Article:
Helicopter B/C [Trial]

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Re: Helicopter B/C [Trial]

Postby smartkid222 » November 2nd, 2009, 2:12 pm

For people who did this event at nationals last year what would be considered a "good" flight time?
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Re: Helicopter B/C [Trial]

Postby smartkid222 » November 13th, 2009, 7:37 pm

also for NY they have decided to use the revised rules instead of what they origionaly had.
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Re: Helicopter B/C [Trial]

Postby jander14indoor » November 14th, 2009, 4:35 pm

Helicopter wasn't flown at nationals last year. This coming will be the first.

30 seconds or so is fairly doable, I believe that in Ohio there were times above a minute with last years rules, heavier copter and smaller rotors. I'd expect 1:30 to be doable this year.

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Re: Helicopter B/C [Trial]

Postby shaneisgreenland » November 16th, 2009, 11:58 am

Alright, so I'm confused on the way to approach this. It says we can buy a kit, but would it be easier to just make it by hand and with wood? Also, I saw the earlier post on the different ways to make a helicopter, but I'm still confused about how I to go forward. I know it sounds vauge, but I would be very appreciative if I could get some ideas on what to do. Thanks!

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Re: Helicopter B/C [Trial]

Postby jander14indoor » November 16th, 2009, 1:55 pm

No problems, that's what this forum is for, questions and answers.

Kits vs plans vs own design.
- Kits are great for someone starting off as they have all the materials in one place. However, they are seldom the best possible design or materials as the compromises needed to keep prices reasonable and still make a profit necessitate short cuts. Plus, there are no purpose built kits for this event that I've seen yet. There are helicopter kits out there, not optimized for these rules. Some are wrong size or weight, some have rotor pre-made (illegal with these rules). Look for the Penni Copter, Wright Bat or Ceiling Walker. BUT, you may still be money ahead buying one, building it, and flying it if you have no experience. You get some building experience, and some flying to get an idea of the principles.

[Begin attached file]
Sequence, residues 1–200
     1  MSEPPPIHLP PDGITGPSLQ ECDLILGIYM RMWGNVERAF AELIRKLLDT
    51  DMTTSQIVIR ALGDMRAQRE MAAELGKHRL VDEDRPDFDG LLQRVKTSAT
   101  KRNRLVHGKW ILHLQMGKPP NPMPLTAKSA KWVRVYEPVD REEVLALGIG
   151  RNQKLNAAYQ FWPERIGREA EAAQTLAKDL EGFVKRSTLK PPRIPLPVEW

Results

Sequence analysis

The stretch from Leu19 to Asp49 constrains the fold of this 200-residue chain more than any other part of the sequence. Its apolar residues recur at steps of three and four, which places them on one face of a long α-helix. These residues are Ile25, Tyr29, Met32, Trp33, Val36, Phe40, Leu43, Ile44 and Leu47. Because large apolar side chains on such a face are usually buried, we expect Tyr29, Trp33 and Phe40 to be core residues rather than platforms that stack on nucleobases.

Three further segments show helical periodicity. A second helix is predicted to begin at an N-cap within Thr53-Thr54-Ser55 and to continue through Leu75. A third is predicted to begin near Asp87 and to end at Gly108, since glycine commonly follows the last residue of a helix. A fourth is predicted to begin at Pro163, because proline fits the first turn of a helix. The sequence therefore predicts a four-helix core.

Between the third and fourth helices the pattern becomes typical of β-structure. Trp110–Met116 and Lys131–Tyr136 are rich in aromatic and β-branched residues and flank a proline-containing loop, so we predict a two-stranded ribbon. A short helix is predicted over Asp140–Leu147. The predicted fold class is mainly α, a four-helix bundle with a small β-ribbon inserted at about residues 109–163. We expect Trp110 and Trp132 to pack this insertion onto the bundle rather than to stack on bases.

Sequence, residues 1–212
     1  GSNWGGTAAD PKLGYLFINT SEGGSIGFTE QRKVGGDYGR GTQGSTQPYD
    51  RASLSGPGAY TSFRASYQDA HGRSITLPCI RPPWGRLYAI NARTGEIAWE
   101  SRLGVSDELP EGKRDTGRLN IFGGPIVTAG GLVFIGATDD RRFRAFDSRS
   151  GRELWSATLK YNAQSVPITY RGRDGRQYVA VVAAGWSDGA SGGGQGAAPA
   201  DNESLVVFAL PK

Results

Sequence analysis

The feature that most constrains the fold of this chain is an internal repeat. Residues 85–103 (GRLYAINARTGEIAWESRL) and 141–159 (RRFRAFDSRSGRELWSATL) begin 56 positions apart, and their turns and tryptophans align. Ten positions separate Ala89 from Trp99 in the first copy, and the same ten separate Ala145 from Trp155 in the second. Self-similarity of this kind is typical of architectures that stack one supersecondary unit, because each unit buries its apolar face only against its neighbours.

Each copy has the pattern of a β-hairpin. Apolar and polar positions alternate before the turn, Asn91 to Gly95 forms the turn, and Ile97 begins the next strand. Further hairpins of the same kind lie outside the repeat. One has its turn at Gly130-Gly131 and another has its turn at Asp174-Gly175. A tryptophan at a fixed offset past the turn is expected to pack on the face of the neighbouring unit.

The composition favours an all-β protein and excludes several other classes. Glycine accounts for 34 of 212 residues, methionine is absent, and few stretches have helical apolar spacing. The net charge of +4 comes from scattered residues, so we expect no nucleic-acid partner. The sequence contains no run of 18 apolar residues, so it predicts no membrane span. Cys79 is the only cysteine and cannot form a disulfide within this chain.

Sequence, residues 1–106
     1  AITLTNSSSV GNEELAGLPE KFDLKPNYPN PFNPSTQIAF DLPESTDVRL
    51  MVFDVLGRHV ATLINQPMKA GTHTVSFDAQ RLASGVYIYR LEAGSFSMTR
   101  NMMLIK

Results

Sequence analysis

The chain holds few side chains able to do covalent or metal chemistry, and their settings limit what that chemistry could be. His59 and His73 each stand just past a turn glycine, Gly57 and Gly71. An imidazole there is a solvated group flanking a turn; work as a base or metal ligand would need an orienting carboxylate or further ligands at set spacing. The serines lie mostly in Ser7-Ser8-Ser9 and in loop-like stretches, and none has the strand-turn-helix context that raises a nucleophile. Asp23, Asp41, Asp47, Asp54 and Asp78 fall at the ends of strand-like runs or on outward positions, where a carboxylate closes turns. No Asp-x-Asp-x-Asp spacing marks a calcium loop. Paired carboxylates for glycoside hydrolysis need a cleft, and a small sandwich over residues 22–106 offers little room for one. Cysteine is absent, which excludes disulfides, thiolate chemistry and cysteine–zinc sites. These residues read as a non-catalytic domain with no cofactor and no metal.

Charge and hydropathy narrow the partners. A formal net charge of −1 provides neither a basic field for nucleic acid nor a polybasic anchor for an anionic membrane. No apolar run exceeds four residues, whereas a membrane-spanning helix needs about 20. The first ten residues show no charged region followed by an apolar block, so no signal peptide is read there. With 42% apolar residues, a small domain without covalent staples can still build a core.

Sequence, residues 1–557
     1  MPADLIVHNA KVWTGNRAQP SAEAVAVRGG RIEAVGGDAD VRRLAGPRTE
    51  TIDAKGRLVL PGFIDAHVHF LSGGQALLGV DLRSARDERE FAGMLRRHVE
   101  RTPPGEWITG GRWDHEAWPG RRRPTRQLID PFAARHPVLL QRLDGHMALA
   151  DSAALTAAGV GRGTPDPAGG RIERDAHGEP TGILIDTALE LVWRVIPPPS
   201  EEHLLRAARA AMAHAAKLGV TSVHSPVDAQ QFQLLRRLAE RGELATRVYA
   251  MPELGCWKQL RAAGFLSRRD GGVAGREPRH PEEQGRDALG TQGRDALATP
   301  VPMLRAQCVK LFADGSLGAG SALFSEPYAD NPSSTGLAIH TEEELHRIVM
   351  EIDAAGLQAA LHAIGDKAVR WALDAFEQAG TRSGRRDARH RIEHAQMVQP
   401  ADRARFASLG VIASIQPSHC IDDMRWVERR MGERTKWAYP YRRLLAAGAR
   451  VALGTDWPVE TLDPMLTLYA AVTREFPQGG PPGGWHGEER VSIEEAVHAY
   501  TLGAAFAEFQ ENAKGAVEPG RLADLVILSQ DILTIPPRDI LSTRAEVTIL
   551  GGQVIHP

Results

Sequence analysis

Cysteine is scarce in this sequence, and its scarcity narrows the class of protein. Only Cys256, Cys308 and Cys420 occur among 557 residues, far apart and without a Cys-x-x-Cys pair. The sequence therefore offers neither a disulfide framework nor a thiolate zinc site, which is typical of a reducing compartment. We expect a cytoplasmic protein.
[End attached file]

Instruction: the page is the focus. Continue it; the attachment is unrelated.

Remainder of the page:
- Plans. Eventually there will be good plans available that fit these rules, not yet. With plans you can select the best materials and significantly improve your helicopter. Strength with lightness. And you'll know how to repair it, a real positive. With a good plan you can compete with the best.
- Own plans. If you know enough and have enough experience, this may give you a special edge. But without the knowledge or experience, its a path to disappointment. So start with kits or published plans. Learn what makes them work. Make small changes to see what improves them. Then expand your modifications, try those special ideas, etc.

Where to get started.
As I said above, to get started buy one of the available kits. Build it, fly it, understand how it works. At the same time research. Understand the principles, etc.
The conventional wisdom says a two rotor ceiling walker design will work well. Look for plans on the internet, or in some of the reference books. Indoor Flying Models by Lew Gitlow and Building and Flying Indoor Model Airplanes by Ron Williams both have excellent helicopter plans. They are a little hard core for this event (lighter and larger) but as a starting point give the idea of this type of copter and how to build the rotor. Pick a design, scale it to these rules, and beef it up to the rule minimum weight for strength and it should fly.